Progressive philanthropist and successful investor George Soros has expressed a grave forecast for the 2016 global market, a Bloomberg Business article reports. Namely, China’s stock market crash of last summer, along with its recent currency devaluation, has Soros and other economists worldwide anxious about the year to come.
For the larger half of a century, China has made unprecedented economic advancement, making it today’s second largest economy. However, market analysts have begun to question the longevity of the East’s economic powerhouse, as CNBC reports, following numerous trade freezes within the first week of January. Soros believes that “China is struggling to find a new growth model,” as he stated to a Sri Lankan economic forum January 7th. From what he has seen so far, Soros fears that we may be approaching an economic crisis on par with 2008’s market fiasco.
As of January 1st, China has incorporated the addition of circuit breakers, or trading curbs, into its trade regulations. That is, in the event that the CSI 300 should fall by five percent, foreign trade is halted for a minimum of fifteen minutes. Should it proceed to fall by seven percent, trade for the entire day is frozen. On the day that Soros issued his commentary, the circuit breaker had been triggered a mere thirty minutes into the business day. Given China’s global influence as a market superpower, the repercussions were felt all throughout the global market.
Daily Mail says oil prices fell dramatically; the Dow Jones Industrial Index plummeted to lows unseen within the past three months; London reports the most disappointing opening-year week since the year 1988. Even more alarmingly, this was not the first meltdown of the Chinese market within that same week.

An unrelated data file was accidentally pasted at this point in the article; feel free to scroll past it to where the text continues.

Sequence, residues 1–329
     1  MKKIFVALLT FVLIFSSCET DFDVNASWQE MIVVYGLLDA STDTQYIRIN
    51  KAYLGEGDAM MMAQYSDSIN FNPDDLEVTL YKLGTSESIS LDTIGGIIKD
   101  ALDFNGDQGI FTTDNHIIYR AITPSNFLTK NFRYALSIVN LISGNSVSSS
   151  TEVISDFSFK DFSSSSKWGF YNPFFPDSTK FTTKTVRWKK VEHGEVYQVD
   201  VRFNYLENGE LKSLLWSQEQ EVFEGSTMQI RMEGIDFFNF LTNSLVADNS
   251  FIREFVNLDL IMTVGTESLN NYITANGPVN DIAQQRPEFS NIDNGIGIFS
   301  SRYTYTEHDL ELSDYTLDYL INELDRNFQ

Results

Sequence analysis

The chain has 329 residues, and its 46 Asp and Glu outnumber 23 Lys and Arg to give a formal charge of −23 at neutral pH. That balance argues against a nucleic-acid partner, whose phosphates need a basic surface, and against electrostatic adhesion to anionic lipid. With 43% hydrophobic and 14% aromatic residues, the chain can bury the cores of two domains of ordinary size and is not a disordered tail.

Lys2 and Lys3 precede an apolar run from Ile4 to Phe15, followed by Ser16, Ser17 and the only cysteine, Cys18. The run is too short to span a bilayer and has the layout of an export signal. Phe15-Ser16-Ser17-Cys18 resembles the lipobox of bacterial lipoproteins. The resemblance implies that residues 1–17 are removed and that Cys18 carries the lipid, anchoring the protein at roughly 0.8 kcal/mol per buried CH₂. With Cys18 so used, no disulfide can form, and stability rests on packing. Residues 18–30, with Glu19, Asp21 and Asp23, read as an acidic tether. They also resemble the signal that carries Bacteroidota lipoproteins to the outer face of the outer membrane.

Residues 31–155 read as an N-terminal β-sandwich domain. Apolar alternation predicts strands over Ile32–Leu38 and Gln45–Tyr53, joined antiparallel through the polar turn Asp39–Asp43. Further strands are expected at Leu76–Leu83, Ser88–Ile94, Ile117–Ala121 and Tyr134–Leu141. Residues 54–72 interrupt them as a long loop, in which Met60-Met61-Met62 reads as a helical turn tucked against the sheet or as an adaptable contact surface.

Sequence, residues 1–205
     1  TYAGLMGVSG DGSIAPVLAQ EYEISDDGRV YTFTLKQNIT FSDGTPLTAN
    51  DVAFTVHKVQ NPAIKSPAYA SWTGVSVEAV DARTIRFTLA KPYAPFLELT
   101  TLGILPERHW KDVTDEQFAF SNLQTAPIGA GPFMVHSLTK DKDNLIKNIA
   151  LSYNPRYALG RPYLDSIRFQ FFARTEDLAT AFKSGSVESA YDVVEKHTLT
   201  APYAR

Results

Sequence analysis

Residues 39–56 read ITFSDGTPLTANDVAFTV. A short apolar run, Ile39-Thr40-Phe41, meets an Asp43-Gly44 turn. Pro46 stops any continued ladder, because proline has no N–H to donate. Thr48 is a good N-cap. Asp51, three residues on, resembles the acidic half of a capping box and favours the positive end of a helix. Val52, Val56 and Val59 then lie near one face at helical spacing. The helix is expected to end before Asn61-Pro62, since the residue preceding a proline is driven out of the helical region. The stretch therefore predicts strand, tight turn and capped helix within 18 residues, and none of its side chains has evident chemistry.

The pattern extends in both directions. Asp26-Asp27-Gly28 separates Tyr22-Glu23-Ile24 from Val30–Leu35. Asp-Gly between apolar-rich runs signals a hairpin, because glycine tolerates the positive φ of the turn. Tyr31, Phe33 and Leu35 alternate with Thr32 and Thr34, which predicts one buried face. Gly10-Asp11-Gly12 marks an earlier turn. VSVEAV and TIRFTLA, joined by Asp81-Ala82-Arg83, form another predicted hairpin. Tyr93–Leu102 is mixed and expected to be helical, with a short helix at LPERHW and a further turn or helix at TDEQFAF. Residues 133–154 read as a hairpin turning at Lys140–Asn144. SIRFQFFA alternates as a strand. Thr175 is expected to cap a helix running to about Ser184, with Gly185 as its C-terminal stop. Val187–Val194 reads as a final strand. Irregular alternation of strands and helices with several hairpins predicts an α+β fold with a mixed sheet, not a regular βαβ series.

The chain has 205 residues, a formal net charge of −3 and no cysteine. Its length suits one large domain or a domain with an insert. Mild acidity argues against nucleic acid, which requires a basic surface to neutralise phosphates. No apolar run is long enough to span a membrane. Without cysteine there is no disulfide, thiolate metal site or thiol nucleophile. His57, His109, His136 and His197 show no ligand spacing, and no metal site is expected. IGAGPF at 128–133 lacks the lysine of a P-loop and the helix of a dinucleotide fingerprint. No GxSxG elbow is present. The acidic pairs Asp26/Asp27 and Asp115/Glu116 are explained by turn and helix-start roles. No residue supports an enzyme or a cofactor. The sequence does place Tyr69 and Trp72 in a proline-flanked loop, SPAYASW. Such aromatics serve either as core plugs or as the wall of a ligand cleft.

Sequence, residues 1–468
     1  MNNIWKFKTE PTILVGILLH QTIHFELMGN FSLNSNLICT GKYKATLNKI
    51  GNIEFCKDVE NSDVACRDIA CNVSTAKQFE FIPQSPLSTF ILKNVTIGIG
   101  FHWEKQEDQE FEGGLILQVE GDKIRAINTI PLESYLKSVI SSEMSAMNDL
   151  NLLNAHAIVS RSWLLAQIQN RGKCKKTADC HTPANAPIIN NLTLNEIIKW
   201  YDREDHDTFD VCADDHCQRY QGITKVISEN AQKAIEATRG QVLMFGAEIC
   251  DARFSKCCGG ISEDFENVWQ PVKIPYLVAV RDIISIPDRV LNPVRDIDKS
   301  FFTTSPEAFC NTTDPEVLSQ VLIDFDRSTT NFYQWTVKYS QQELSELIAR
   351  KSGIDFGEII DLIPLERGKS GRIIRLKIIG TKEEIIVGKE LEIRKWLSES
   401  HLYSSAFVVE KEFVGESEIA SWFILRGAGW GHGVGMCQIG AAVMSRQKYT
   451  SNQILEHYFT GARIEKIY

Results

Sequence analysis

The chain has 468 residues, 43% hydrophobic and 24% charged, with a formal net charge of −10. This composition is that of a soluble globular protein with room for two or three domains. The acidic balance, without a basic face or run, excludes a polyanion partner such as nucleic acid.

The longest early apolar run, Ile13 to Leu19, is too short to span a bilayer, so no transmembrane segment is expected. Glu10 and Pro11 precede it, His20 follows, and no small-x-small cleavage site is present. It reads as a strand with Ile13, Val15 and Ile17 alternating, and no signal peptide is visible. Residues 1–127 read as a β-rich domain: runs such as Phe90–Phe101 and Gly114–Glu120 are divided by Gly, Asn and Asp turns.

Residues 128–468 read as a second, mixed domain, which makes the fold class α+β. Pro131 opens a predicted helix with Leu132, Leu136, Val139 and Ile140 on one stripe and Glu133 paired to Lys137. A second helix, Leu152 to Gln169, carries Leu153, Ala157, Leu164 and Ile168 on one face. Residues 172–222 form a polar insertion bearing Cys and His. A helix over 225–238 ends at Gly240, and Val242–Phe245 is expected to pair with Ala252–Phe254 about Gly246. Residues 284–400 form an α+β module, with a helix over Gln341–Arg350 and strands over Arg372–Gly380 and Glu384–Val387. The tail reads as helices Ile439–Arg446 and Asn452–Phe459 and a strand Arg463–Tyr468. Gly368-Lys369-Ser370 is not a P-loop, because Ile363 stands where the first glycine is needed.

The global market is making a transition back to positive interest rates, and Soros proposes that this shift is partially what is responsible for economic instability in developing countries. Overall, he cites the situation as indicative of a “serious challenge,” one which has striking similarities to the financial crisis experienced in 2008.
China’s governing power, fortunately, has begun seeking solutions to its upending economic downturn. By the year 2020, China hopes to improve the yuan’s convertibility. An official statement released by China claims that the country may even be dismantling the establishment of the circuit breaker altogether, replacing it with more lucrative regulations. Whatever the case, it may be that only time can determine the outcome of this year’s market. Already, Chinese banks have slashed interest rates to unseen lows, and the Chinese government has poured billions in financial funds into stimulating the economy.
As a general precaution, Soros encourages investors to be “very cautious” as we weather through this stormy economic climate.
Read more: http://www.forbes.com/profile/george-soros/